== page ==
In 1994, Didier began to materialize his dream with the first vintage of the winery’s signature wine: BELONDRADE Y LURTON, released in 1996. This year was a real turning point for both Rueda and the Spanish white market in general.
The new millennium meant another step forward in the bet Didier took for the ageing potential of the verdejo Grape, with the construction of the cellar in La Seca (Valladolid).
The inauguration of the new building – signed by the french architect Vincent Dufos du Rau – coincided with the arrival of two new wines. In 2000, the rose BELONDRADE QUINTA CLARISA, which bears the name of Didier’s little daughter, is released. Two years later, the first vintage of BELONDRADE QUINTA APOLONIA came along. Named after Didier’s eldest daughter, this was a new approach to the Verdejo variety, combining freshness and structure.
In 2012, following the decision taken two years earlier to elaborate wines only with native yeasts, a new cellar is built to house the barrel fermentation and aging.
This is a blank canvas, a totally neutral environment on which create the wines of BELONDRADE.
Called Quinta San Diego, in honor of one of Didier’s sons, the vineyard of BELONDRADE is composed of 22 plots summing a total of 40 Hectares cultivated with the utmost respect for nature (obtention of the organic certification in 2010). The plots are entirely located on the upper part of the plateau, at an approximate altitude of 750 masl. In this area of the Duero valley, the soils are mainly composed of sand, clay and pebbles, that along with some veins of limestone, are responsible for providing all their personality to our plots. Secondary factors, such as the age of the vines, their orientation, the different planting patterns as the pruning and driving system of the plots end up providing significant differences between plots. The wines of BELONDRADE are the result of a very personal and interpretation of Verdejo in this landscape and it is based on three main pillars:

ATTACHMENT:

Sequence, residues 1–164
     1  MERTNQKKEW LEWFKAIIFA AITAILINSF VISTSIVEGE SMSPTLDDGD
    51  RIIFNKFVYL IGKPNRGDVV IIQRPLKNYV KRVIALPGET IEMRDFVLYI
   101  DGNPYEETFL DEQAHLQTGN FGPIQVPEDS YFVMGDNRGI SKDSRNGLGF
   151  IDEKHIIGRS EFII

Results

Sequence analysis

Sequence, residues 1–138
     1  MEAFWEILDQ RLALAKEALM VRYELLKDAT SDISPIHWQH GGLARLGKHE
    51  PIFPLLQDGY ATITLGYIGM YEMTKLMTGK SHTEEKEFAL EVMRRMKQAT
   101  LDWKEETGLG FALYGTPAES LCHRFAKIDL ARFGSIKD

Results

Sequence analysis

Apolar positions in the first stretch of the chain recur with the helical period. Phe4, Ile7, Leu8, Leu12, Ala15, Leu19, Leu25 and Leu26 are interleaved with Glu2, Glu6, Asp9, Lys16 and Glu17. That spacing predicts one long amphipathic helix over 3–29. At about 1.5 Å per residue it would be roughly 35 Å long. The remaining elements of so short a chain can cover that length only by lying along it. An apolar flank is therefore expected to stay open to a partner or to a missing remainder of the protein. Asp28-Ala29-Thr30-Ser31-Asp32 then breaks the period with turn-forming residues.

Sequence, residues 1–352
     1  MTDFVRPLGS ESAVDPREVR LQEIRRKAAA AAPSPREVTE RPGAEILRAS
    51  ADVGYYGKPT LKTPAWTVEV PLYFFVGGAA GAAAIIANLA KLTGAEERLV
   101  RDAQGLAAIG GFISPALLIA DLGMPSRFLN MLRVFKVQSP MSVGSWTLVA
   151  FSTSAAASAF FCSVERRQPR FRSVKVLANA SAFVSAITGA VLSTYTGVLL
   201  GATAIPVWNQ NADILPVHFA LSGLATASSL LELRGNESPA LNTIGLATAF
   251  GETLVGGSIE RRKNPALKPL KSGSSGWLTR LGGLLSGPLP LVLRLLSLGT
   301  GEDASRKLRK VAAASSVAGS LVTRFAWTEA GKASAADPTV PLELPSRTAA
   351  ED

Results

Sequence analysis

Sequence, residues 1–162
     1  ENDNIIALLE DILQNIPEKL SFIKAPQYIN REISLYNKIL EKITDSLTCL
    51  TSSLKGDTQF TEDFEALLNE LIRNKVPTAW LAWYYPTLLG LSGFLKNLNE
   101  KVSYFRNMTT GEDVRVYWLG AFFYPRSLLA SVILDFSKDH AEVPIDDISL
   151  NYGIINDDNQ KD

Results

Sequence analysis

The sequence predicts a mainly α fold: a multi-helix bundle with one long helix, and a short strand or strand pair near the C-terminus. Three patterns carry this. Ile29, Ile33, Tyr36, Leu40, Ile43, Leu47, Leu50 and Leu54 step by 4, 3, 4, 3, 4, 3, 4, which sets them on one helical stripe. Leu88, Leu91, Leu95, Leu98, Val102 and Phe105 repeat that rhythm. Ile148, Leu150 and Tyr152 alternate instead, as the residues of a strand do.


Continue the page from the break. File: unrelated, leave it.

– Individual vinification by plots: Each plot is harvested manually, in order to maintain their personality along the whole vinification. By doing so, we are maintaining these differences alive and thereby, ensuring a greater diversity in the final assemblage.
– “Parcellaire” ageing. The spontaneous fermentation and ageing in barrels of different characteristics provides a broader spectrum. The advantages of a vinification in small lots is to maintain the existing diversity in our vineyard from the beginning to the end.
– Assemblage. At the end of the ageing process, the barrels are tasted one by one and slowly blended with responding to organoleptic characteristics, until a dozen different lots are identified and created. that respond only to make later the final assemblage that will result in the BELONDRADE AND LURTON of the vintage.